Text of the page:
Now you might say that it is equally open to skilled defence counsel to employ the same sort of tactical language in his speeches and that is correct.
The better ones do, although there aren’t so many of them.
But more importantly, because prosecuting counsel has first opportunity and has a further chance to reinforce what he has said in a second speech, his suggestions have had the opportunity to take root firmly in the minds of those deciding the facts.
Although those suggestions are not impossible to displace, they nonetheless create a difficult hurdle for the defence to surmount.
Subtle language is powerfully hypnotic. Which do you think is the more effective sentence in a closing speech to a jury: “I suggest to you, members of the jury, that Mr X was a liar.”
Or do you think you may be more impressed by: “Members of the jury, you listened carefully to the evidence of Mr X and you saw the way he conducted himself. You may take the view he was a cunning liar.”
The first sentence is a bald assertion by defence counsel that Mr X was lying. The second creates a picture and pictures are very powerful.
When counsel says, “Members of the jury, you listened carefully to the evidence of Mr X and you saw the way he conducted himself” they immediately recreate images of Mr X in the witness box giving his evidence.
As they are bringing up those images – so they are immediately going into an altered state – their unconscious mind is hearing the words “You may take the view he was a cunning liar”.
So it is not a view being thrust upon them by pushy counsel but rather, they believe, a view they are forming for themselves.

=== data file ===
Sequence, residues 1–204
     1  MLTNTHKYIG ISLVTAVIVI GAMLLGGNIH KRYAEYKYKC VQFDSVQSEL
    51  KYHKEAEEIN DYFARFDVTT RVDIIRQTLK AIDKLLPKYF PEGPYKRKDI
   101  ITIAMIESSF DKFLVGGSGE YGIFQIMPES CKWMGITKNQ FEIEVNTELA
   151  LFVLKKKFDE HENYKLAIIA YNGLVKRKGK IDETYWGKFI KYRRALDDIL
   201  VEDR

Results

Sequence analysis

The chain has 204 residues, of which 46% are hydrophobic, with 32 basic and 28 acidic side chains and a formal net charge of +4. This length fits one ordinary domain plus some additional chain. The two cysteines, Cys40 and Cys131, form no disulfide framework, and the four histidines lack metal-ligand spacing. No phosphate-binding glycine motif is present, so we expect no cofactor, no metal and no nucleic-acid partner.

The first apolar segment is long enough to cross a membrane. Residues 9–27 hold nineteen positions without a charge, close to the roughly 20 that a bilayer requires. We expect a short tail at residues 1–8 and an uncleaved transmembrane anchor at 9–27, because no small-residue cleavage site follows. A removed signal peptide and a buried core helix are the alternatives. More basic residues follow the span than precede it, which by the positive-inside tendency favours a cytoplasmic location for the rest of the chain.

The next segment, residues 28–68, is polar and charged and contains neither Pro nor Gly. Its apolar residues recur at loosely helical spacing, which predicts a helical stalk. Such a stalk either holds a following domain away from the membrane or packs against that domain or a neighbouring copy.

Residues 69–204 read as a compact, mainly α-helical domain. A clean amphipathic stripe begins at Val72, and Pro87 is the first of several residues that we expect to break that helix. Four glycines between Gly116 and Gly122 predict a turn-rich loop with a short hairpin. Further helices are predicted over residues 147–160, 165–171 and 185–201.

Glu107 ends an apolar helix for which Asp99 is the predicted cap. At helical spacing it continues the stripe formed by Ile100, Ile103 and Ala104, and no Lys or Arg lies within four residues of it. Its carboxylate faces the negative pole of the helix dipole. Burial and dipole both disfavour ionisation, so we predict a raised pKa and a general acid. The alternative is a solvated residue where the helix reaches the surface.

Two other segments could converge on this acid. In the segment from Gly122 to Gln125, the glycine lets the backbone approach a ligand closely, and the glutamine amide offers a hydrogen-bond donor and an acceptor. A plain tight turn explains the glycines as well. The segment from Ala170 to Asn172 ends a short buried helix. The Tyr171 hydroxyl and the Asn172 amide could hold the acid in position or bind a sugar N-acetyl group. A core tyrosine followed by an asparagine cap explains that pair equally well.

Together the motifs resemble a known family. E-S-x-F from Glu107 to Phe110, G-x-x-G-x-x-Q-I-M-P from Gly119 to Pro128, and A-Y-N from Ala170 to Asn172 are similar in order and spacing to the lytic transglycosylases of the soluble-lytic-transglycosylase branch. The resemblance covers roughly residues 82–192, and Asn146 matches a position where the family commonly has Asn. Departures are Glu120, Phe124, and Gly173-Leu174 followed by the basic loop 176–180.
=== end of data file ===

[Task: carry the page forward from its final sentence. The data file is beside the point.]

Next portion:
Mentalists and hypnotists are well aware of the power of language when it is used in this way and so are advertisers and politicians.
In this short article we have briefly touched on the power of hypnotic language but it is around you all day every day and you use it in your self-talk.
So when you next catch yourself saying “I am bad at decorating” or “I can’t sing” or “I’m a useless golfer”, stop and correct yourself.
By repeatedly using those words, you are reinforcing those thoughts in your unconscious mind.
Instead use phrases like “I could get much better at decorating by practising and taking tips from those who know”; or “I didn’t used to be able to sing but if I took lessons I am sure I could improve; or “My golf may not have been so good lately, but if I practise more and take lessons, I will get better.”
I have lost count of the times I have been hurrying to get out of the house and I have shouted to my wife, “I cannot see my car keys”. She usually replies with something like “Have you looked properly?” to which I reply, “Yes, I’ve looked everywhere.”
Then she appears and picks them up almost from under my nose, and they are usually a few inches from where I always leave them.
I expect that scenario may ring a bell with you. You see, when we constantly use expressions like “I cannot see my car keys”, we are setting up a negative hallucination.
It is not at all dissimilar to the hypnotist saying “When you come out of trance you will count to ten but you will not recognise the number seven. It will not exist in your mind.”
Lo and behold, the subject counts from 1 to 10, usually hesitates after 6 and then goes straight to 8.
Use language carefully when talking to yourself, and consider the magical uses you can make of it in everyday conversation!